FIGURE 4
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FIGURE 4. Construction of the three m6A RNA methylation regulators-based risk signature. (A–B) Determination of the number of factors by the LASSO analysis. (C) Multivariate analysis of the three-gene signature (ELF3,ZC3H13, AND WTAP). (D) Receiver operating characteristic (ROC) curves for 1-,3-,5-year prognosis. (E) 1 year was chosen to calculate the best cutoff value. (F) The kaplan-Meier curves of melanoma patients at the high-risk group and low-risk group in TCGA cohort. (G) The expression features of the three m6A RNA methylation regulators and the disteibution of clinicopathological features were compared between the low-and high group of The Cancer Genome Atlas (TCGA) melanoma datasets. p < 0.01 (“**”).

Meanwhile, we further estimated the overall survival (Figure 4F) between the two groups, and a significant difference was observed. A remarkable difference in overall survival was found between the high- and low-risk groups, with a 5-years survival rate of 86% in the low-risk group and 66% in the high-risk group, with a difference of 20%.

Hence, we compared the clinicopathological characteristics (including stage, sex, age, survival time, and TNM) of the groups with different risk scores. The heatmap (Figure 4G) clearly shows that there was a correction between the group assignment and clinicopathological factors (T and stage), with a P value less than 0.01.

To ensure the accuracy of the signature we constructed, we selected external data sets for verification. One GEO dataset (GSE65904) comprising 214 melanoma samples was used as a validation cohort. Consistent with our TCGA database results, the lower risk scores represented a higher possibility of survival in patients (Figure 5A). Then we calculate the cutoff value in GEO separately (Figures 5B,C), Similarly, the samples with low-risk scores showed longer overall survival times (p < 0.05), proved our model was feasible and accurate (Figure 5D).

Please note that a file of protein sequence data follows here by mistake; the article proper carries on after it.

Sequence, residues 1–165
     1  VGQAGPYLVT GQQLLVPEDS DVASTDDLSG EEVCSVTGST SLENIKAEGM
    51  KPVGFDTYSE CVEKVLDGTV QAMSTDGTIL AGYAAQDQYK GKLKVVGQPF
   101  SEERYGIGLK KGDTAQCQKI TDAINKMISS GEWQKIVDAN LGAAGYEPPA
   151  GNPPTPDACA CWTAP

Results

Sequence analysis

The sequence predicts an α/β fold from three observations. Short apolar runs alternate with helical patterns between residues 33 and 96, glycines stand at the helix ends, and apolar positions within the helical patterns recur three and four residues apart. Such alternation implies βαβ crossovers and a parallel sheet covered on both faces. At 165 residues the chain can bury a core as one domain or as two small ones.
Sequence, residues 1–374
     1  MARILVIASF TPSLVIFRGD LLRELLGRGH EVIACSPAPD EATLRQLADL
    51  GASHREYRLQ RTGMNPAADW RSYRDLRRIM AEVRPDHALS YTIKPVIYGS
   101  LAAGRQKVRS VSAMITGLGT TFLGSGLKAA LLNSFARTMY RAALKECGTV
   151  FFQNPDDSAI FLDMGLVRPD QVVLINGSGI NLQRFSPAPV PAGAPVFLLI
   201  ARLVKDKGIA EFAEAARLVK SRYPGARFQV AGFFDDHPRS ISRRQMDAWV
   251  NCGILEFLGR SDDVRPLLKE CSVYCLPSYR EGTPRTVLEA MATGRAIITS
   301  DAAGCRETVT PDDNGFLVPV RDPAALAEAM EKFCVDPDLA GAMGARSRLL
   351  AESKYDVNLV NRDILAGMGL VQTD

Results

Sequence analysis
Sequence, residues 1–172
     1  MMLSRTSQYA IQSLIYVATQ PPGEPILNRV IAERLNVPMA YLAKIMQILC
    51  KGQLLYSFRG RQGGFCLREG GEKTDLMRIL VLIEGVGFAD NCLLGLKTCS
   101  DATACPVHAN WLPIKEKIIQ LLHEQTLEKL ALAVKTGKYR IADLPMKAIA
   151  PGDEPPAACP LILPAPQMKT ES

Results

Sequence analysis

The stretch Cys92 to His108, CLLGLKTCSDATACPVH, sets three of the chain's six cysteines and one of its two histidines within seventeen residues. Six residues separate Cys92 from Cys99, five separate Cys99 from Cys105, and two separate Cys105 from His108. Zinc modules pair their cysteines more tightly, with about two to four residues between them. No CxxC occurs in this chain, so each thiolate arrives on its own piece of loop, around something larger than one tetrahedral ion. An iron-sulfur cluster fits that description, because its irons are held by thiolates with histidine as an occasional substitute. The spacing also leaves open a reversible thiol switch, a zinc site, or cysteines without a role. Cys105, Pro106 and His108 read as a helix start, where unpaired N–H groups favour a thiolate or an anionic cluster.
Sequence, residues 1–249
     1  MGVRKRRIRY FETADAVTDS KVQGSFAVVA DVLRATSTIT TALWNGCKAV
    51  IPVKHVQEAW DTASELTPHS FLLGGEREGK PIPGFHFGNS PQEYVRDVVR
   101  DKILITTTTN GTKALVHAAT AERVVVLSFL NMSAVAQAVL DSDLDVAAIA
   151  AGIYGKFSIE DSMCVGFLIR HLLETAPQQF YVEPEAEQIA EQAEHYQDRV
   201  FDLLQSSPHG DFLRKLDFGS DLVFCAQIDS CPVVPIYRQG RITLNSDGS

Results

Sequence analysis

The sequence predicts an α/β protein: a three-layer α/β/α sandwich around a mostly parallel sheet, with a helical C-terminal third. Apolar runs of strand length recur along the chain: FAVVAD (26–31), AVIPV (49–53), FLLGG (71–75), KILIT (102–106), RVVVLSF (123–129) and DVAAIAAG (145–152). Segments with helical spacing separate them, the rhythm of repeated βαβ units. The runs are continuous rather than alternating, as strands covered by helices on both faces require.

FIGURE 5
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FIGURE 5. External validation of the risk signature. (A) The same cutoff value as TCGA was used to verify in GEO database. (B) Receiver operating characteristic (ROC) curves for 1-,3-,5-year prognosis in GEO database. (C) 5-year was chosen to calculated the brst cutoff value in GEO database. (D) The Kaplan–Meier curves of melanoma patients at the high group and low-risk group in GEO cohort.

Moreover, univariate (Figure 6A) and multivariate (Figure 6B) Cox analyses for overall survival were performed to estimate whether clinicopathological characteristics (including stage, sex, age, survival time, TNM and risk score) were independent prognostic factors. It has been proven that T stage, N stage, risk score, and age were all independent factors for poor prognosis in cutaneous melanoma patients. Multivariate analysis sharing the same variables with the univariate analysis which supported that T (p = 2.61E-05, 95% CI HR 1.215–1.707), N (p = 5.61E-05, 95% CI HR 1.289–2.084), risk score (p = 0.00019, 95% CI HR 1.640–4.890), age (p = 0.02298, 95% CI HR 1.002–1.024). They were also served as poor prognostic factors for cutaneous melanoma patients.

FIGURE 6
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FIGURE 6. (A) Univariate analysis of the hazard ratios for risk score as independent prognostic elements to aniticipate the overall survival. (B) Multivariate analysis of the hazard ratios for risk score as independent prognostic elements to predict the overall survival.

Genomic Alterations and Clinical Implications in Cutaneous Melanoma

Then, we downloaded the SNP data from the 471 samples of cutaneous melanoma and executed mutation visualization analysis through the R package “GenomeInfoDbData” and “GenVisR”. From the waterfall chart (Figure 7A) we obtained; we identified the top 30 mutated genes in the 439 samples. The mutation rates of TTN and MUC16 were over 60%. Kaplan-Meier analysis was used to detect these top 30 mutant genes. Only MUC16(Figure 7B) and ADGRV1 (Figure 7C) showed significant differences (p < 0.05) in overall survival between the mutant and wild type.